Thousands protest Polk County property assessments
More than 4,300 property owners are protesting their 2023 assessments, Polk County Assessor Randy Ripperger tells Axios.
Why it matters: Monday was the last day that protests could be postmarked to challenge this year's assessments, which largely form the basis for property values.
Catch up fast: Iowa assessors are required to reappraise property in odd-numbered years.
- Polk's averaged a 22% increase for homeowners this year — the steepest increase in county history.
Driving the news: Protests are considered by a 10-member review board.
- Hearings started yesterday and are expected to continue through mid-July.
Of note: Legislation passed this year allows review boards to break into smaller groups, which will expedite Polk's process, Ripperger says.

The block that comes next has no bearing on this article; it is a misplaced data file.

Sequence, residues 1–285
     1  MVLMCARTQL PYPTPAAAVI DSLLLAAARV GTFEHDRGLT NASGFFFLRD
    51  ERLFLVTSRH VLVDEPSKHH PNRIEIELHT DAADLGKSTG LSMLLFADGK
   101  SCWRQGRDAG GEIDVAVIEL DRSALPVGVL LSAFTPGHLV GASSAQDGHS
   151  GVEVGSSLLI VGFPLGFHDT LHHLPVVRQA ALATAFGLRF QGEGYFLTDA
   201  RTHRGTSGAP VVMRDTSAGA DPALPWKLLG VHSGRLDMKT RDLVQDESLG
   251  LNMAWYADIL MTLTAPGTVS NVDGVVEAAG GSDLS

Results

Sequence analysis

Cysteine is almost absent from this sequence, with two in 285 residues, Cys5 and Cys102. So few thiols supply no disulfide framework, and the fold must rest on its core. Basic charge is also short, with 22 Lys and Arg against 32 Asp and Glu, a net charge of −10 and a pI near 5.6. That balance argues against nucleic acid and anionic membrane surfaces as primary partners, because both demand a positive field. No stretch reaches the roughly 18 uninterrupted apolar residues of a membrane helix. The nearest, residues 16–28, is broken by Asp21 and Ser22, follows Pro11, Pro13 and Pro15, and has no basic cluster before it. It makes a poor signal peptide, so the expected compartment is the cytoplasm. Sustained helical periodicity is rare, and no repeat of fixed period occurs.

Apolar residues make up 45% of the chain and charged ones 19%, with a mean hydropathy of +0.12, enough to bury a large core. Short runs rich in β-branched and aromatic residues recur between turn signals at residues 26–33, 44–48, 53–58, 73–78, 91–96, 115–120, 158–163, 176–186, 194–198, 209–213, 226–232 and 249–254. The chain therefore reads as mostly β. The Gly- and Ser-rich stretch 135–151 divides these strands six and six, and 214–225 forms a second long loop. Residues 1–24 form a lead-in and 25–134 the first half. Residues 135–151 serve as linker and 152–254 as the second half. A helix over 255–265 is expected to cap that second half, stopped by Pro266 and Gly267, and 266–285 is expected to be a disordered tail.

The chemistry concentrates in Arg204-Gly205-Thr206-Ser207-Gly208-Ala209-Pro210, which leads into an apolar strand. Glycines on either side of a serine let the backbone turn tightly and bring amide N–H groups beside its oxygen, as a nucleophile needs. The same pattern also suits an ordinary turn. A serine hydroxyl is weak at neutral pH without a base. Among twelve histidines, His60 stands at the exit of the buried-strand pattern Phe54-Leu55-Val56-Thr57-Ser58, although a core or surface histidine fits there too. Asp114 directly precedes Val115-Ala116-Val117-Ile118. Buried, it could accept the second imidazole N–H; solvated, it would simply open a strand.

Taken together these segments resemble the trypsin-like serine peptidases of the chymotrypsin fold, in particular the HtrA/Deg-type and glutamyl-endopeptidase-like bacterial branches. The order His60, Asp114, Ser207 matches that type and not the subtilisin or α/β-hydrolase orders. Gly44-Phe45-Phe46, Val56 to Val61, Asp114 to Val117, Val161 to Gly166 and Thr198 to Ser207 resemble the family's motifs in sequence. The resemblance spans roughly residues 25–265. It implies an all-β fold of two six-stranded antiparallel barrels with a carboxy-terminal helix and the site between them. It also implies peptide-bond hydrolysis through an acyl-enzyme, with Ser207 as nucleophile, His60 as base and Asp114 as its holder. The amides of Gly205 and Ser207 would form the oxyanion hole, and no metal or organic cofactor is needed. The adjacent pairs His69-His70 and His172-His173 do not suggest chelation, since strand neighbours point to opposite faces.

- The new assessments will first be reflected on tax bills due in Sept. 2024.
The intrigue: There are boxes of protests delivered in the last few days that have yet to be counted, but Ripperger still doubts this year's tally will best the record of 9,716 protests set in 2003.
- Ongoing efforts to help people understand how state policies limit taxpayer pain likely led to fewer complaints, he says.
Plus: A bill approved by the legislature this week further limits property tax growth for cities and counties.
More Des Moines stories
No stories could be found
Get a free daily digest of the most important news in your backyard with Axios Des Moines.